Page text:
The one-year-filing-deadline was passed in 1996 along with the Illegal Immigration Reform and Immigrant Responsibility Act of 1996. The deadline explicitly states that the asylum applicant must show substantial evidence that the application is filed within a year of the applicants last entry into the United States. For more information on the one-year-filing deadline and other immigration basics click here.
Exceptions to the One-Year-Filing-Deadline
There are some circumstances in which an asylum applicant can circumvent the one-year-filing-deadline. Exceptions are made only when “an applicant has the existence of changed circumstances which materially affect the applicant’s eligibility for asylum or extraordinary circumstances relating to the delay in filing the application”(Section 5.2). Although the substantive rules are the same throughout the United States, administrative procedures vary from office-to-office. The Tallahassee immigration attorneys at Liebenhaut Law can answer questions you may have regarding exceptions to the one-year filing deadline and its exceptions and the procedures that will apply to someone in North Florida or South Georgia.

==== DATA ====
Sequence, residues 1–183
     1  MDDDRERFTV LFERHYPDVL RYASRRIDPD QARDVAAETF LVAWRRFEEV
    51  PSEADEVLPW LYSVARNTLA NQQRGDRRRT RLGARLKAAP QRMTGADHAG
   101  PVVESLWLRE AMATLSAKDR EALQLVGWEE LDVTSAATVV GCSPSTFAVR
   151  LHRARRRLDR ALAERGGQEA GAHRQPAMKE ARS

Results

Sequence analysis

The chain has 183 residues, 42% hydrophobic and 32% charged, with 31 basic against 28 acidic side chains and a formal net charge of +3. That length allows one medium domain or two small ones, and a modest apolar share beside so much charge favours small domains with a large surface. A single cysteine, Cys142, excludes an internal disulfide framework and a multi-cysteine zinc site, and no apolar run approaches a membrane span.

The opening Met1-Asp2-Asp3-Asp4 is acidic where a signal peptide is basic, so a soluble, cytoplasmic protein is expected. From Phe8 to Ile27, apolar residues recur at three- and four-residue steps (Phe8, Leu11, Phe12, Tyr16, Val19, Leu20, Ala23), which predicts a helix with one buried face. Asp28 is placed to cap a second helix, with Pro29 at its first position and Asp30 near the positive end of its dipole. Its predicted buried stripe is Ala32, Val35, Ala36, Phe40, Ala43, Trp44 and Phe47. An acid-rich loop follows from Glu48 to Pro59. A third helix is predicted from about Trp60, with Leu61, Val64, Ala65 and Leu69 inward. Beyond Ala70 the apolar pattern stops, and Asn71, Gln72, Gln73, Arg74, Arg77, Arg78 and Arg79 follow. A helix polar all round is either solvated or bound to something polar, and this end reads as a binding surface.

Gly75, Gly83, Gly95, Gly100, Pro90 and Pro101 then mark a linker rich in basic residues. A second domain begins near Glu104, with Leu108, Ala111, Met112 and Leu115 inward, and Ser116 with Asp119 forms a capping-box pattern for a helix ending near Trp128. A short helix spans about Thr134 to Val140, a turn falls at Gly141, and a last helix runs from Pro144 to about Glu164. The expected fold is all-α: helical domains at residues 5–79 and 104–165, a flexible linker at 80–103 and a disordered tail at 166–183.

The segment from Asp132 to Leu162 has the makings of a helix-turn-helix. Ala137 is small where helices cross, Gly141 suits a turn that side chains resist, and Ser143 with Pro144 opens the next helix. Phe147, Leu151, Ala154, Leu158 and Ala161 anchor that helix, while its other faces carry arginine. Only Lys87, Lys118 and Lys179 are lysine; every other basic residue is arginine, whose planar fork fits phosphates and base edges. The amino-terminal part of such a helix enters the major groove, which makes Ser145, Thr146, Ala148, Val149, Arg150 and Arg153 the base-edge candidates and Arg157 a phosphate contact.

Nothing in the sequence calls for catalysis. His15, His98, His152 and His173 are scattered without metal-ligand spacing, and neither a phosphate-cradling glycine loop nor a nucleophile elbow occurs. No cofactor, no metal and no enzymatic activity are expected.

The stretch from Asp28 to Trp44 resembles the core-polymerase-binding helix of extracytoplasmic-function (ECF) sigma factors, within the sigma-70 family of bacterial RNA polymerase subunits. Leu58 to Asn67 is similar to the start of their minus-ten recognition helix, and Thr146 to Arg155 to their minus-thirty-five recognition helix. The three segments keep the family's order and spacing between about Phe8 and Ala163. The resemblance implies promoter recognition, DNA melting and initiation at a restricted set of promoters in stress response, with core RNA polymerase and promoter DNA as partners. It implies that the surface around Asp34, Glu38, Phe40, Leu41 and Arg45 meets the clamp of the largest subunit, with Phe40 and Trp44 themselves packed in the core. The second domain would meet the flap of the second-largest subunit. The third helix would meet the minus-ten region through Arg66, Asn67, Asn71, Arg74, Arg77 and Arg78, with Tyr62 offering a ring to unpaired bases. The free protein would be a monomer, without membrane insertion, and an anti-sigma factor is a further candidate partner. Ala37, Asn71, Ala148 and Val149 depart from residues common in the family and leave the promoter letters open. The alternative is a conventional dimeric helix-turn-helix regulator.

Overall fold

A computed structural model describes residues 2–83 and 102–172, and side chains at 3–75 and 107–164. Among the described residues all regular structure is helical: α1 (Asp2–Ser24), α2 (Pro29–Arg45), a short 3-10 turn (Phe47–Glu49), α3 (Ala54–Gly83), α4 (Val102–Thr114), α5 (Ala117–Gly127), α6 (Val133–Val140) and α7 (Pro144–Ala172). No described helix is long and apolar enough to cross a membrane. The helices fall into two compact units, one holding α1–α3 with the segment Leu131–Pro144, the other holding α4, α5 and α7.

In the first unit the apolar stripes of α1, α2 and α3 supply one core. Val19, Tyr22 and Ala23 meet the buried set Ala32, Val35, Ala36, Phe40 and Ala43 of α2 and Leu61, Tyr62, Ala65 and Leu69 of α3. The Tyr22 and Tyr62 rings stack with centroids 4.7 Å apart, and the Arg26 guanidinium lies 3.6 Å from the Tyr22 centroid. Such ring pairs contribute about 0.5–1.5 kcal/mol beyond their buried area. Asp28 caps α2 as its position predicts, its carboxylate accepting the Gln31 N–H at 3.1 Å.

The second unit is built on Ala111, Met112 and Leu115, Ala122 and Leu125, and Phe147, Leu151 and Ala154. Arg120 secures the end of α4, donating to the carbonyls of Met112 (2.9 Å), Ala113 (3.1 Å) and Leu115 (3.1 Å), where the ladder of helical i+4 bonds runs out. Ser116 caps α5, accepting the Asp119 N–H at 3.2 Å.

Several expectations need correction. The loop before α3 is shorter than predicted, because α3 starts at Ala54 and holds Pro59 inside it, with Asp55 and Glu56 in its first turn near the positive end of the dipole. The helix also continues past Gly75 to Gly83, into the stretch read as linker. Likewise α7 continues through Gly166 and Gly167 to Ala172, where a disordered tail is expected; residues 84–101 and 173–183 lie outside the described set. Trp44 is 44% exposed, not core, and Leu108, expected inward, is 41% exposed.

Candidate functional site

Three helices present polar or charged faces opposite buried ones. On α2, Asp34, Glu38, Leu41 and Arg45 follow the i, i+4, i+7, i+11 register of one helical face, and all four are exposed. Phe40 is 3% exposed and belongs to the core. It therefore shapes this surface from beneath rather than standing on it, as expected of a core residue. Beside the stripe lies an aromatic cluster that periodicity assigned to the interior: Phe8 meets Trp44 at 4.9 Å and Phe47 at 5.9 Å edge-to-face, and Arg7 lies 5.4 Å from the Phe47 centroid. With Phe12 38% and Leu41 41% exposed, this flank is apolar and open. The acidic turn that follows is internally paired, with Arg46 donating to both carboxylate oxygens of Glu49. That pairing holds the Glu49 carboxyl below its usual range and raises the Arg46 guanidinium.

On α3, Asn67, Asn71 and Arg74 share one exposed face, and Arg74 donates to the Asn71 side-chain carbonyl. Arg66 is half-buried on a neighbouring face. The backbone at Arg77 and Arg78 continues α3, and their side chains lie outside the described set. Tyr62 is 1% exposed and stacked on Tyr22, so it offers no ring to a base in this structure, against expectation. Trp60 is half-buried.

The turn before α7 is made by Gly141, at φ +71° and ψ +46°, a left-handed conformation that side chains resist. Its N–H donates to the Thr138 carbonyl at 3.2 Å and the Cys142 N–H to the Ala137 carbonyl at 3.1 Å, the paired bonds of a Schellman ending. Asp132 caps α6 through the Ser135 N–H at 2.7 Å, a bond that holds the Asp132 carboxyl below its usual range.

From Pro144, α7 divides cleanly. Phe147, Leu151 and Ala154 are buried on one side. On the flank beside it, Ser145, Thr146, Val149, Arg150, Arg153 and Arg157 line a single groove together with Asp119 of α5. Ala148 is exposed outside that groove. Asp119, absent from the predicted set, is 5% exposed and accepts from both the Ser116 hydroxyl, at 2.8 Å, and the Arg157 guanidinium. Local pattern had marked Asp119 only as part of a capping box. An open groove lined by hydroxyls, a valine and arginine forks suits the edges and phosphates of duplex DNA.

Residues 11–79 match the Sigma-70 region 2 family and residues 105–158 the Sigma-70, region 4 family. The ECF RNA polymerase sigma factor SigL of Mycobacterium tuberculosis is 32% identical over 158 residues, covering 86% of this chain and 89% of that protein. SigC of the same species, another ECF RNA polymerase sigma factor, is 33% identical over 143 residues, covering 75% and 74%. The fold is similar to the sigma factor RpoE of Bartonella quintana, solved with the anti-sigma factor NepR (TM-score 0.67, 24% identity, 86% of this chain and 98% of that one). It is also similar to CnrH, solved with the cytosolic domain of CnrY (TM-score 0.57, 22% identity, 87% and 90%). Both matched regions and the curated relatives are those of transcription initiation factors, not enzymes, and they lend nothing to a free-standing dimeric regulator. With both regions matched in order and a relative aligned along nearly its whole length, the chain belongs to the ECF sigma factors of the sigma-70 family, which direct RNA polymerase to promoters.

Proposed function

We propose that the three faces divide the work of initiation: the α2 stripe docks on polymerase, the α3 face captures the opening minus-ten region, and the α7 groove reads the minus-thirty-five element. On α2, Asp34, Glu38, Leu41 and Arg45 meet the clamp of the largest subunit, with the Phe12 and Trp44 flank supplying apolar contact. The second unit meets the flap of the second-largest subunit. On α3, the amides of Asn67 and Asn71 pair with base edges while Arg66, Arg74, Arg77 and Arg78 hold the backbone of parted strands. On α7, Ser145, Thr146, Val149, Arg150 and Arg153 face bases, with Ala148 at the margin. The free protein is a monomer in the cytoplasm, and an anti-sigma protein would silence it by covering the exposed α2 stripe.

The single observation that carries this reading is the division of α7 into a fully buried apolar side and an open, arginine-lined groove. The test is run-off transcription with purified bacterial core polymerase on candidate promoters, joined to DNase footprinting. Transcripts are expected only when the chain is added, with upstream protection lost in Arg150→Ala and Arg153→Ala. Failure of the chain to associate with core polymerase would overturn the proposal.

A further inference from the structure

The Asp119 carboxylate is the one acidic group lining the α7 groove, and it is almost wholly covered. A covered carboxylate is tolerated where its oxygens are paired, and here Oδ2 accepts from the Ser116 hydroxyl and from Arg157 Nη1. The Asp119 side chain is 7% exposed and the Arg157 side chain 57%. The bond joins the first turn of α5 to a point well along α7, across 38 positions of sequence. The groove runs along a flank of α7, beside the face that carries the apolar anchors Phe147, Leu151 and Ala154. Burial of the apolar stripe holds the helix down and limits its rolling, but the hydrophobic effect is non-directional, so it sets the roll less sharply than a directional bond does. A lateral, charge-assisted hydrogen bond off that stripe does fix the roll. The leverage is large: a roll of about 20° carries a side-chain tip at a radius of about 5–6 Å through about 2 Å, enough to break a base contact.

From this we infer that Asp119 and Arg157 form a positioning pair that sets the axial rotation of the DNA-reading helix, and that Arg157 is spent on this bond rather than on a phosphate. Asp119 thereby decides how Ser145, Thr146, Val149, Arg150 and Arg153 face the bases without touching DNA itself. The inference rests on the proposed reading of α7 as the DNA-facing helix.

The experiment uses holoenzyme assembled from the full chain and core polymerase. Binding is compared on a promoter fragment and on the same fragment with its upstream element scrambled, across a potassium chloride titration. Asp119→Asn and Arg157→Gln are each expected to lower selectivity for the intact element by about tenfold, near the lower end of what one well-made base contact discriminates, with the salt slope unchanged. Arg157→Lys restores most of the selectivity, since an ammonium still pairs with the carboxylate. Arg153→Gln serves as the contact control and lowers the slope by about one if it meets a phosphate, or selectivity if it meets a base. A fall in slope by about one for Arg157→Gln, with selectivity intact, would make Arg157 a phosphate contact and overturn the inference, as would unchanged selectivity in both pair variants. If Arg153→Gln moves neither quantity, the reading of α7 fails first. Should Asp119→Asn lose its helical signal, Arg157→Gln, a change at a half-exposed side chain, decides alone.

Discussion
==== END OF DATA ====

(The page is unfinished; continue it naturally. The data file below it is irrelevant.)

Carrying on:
If an applicant can prove that they missed the one-year-deadline due to a change in circumstances, they may receive an exemption to the one-year deadline. Often, the change of circumstance is that an applicant came to the United States not fearing returning to his home country but after their arrival, now fear returning to their home country. Brandon Smoot, an immigration attorney in Tallahassee with Liebenahaut Law, has experience with many asylum cases and can answer your questions regarding whether your situation constitutes a qualifying “change in circumstances.” This claim must be made in a reasonable time. Some circumstances that change an applicant’s materially is being diagnosed with HIV or being active in the LGBTQ community, especially if an applicants home country has severe discrimination to the LGBTQ community. For further reference on more examples of a “change in circumstance.” click here and scroll to page 9-12.
The other exceptions to the one-year-filing-deadline are extraordinary circumstances. An extraordinary circumstance is only considered when the circumstance caused the applicant to not be able to file an application within a year. There are six categories or events for extraordinary situations. 1. Serious illnesses or mental or physical disability after arrival. 2. Legal disability after arrival. 3. Ineffective assistance of counsel. 4. Applicant maintained temporary protected status, lawful immigrant or nonimmigrant status, or parole until a reasonable time before the filing. 5. The applicant filed an application before the year-deadline and was rejected by the service because it was not properly filed. and 6. The death or serious illness of the applicant’s legal representative or immediate family. For more information on what qualifies as an extraordinary circumstance, click here and scroll to page 12-20.